Police have obtained a court order in a bid to safeguard potential victims against human trafficking after an investigation at a Fenland car wash last year.
Officers visited the car wash on September 12, together with members of the Gangmaster and Labour Abuse Authority (GLAA) and immigration officials.
Information given to police suggested that car wash staff were being mistreated by the management and had been working long hours for minimum wage.
Officers observed that none of the staff had a contract of employment or paid national insurance or tax. They were all paid in cash, and no staff members were wearing any form of protective clothing.
Checks at the car wash revealed that staff may have also been living on site with no mains electricity.
Numerous staff members at the site declined to make statements or support a court prosecution, but instead were happy to answer questions informally.
Two workers told police they had been financially supported in gaining entry to the UK.
In a bid to prevent future occurrence of the bad practices witnessed by officers at the car wash, police successfully obtained an Interim Slavery and Trafficking Risk Order from court.
The civil order, now in place until April 19 this year, was brought in under the Modern Slavery Act 2015.
It allows the courts to place a range of restrictions on the behaviour and activities of a person who poses a risk of committing slavery or trafficking offences.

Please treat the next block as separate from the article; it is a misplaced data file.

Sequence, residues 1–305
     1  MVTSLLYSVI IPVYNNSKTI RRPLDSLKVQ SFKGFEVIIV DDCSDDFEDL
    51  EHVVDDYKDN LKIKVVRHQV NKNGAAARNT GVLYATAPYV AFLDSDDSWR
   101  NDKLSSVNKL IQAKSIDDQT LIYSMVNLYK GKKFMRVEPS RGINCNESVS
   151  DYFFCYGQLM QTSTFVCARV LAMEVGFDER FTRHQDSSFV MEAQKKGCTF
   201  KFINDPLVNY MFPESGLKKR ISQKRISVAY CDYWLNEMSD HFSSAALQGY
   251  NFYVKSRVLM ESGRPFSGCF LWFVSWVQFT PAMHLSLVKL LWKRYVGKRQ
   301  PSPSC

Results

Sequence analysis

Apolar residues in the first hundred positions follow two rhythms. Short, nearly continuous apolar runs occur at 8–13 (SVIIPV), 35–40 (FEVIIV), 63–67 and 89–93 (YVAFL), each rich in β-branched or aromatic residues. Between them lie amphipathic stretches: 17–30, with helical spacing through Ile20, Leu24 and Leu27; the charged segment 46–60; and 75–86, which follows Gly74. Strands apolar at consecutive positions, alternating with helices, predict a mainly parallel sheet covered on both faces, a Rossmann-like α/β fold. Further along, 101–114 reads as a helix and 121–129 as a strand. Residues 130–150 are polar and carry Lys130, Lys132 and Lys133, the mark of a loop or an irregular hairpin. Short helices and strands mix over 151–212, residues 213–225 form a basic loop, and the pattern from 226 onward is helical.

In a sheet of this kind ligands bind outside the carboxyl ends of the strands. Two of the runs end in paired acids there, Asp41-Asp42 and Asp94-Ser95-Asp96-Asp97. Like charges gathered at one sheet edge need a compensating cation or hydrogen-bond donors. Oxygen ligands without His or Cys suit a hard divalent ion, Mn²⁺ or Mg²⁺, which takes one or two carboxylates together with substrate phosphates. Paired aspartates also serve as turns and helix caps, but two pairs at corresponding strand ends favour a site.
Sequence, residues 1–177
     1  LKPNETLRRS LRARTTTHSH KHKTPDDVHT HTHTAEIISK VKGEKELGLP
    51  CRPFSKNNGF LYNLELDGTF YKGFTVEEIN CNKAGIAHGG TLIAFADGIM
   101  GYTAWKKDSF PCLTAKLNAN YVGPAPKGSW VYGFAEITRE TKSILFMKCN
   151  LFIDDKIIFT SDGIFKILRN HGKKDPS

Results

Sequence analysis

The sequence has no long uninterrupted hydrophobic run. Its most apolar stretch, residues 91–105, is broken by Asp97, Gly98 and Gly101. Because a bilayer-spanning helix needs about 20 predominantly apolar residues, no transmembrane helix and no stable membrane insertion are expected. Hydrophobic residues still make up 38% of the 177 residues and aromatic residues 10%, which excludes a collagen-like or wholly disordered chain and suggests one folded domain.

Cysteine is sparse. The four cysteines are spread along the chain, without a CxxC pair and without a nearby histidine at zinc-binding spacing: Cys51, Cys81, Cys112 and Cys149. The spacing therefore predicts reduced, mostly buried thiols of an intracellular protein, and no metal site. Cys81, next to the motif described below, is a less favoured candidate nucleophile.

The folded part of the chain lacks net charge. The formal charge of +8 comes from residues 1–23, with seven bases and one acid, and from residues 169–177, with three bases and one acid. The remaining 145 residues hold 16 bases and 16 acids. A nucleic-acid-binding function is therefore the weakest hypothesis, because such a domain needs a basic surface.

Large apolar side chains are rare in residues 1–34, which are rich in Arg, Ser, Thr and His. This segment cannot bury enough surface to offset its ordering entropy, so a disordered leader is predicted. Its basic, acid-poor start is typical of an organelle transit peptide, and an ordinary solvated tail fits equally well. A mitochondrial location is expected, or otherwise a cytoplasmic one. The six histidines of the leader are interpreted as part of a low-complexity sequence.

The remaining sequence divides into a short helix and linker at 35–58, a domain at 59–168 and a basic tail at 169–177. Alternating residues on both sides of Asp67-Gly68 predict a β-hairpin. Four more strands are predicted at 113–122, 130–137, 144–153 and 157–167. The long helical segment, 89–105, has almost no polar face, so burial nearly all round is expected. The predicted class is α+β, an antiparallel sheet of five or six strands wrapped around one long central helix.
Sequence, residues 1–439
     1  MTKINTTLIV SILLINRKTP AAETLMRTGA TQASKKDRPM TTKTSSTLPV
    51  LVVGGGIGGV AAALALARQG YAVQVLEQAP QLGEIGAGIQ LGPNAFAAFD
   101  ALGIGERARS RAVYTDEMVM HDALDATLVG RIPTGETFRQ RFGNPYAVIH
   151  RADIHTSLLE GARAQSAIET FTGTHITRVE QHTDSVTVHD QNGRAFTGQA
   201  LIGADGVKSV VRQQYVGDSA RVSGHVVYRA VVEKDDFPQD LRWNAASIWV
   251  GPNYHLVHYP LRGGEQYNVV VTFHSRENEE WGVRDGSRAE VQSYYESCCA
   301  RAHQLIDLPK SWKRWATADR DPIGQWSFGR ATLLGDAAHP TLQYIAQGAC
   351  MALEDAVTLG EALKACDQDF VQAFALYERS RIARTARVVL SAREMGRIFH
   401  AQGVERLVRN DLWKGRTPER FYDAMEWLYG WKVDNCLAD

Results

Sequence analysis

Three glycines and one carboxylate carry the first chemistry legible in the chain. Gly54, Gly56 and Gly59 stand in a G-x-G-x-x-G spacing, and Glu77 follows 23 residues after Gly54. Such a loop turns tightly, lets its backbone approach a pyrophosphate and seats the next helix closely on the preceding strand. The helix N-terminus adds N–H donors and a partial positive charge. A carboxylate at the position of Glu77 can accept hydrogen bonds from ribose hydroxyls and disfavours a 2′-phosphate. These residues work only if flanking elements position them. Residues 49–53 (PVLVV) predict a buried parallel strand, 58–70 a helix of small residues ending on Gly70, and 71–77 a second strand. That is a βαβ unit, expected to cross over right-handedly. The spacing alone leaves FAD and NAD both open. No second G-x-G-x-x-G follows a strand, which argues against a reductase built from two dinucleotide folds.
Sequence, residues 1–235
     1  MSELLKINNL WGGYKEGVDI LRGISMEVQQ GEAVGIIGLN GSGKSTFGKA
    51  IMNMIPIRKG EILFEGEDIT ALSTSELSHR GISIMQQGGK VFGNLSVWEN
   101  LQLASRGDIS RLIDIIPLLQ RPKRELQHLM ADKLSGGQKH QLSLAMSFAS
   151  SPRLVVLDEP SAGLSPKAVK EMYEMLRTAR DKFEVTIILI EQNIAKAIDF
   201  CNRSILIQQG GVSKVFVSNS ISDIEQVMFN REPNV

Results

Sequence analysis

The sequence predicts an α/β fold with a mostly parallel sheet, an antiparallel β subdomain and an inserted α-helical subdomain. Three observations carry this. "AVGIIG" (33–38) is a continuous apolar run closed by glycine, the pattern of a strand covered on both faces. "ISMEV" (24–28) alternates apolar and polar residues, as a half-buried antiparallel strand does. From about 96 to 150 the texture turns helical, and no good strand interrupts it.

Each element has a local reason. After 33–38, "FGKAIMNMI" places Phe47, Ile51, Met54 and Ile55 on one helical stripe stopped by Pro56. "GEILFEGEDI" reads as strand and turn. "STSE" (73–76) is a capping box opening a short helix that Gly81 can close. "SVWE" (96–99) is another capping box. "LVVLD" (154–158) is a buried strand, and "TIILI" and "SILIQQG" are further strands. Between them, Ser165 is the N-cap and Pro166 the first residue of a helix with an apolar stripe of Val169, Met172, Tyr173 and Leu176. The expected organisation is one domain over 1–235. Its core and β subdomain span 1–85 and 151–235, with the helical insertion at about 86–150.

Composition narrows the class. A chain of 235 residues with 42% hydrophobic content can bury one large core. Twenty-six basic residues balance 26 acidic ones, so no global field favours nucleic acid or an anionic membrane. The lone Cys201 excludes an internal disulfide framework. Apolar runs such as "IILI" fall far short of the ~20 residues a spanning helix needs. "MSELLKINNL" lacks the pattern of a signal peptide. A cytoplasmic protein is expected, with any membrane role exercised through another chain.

Until the order ends, car wash staff can now not work at the site unless:
. They have the right to work in the UK
. They have a valid contract of employment, made available for inspection at all times
. They have a valid national insurance number and receive a payslip showing hours worked and details of payment paid
. They are provided with Personal Protective Equipment (PPE), have received training applicable to their role and have received safety training. Training records must be kept up to date and available for inspection at all times.
Management at the car wash are prevented from:
. Paying staff below the minimum wage
. Owning, managing or supervising premises where people identified as working at those premises sleep overnight (beginning from January 15)
. Withholding names and contact details of people owning, managing or otherwise in control of the car wash
. Funding transport of people to and from the UK, and to and from the location where they work
. Any breach of the order is criminal, with a maximum penalty of five years in prison.
Cambridgeshire police said it is unable to name the car wash “because no criminal action has been taken against them yet and naming them could harm their business”.
DI Dave Murphy said: “This is the first time the force has secured an Interim Slavery and Trafficking Risk Order from the courts, and doing so is another positive step towards tackling human trafficking and modern day slavery.
“The conditions of the Interim Slavery and Trafficking Risk Order ensure that unscrupulous employers toe the line and treat their staff correctly and fairly.
“The order also ensures that all staff members are afforded the same pay and conditions as is expected for everyone in the UK.
“We would strongly urge anyone who suspects acts of human trafficking to report any information that could lead to the identification, discovery and recovery of victims in the UK.”
News of obtaining the court order comes as the world marks National Human Trafficking Awareness Day today (January 11).
More information about human trafficking can be found on the force’s website.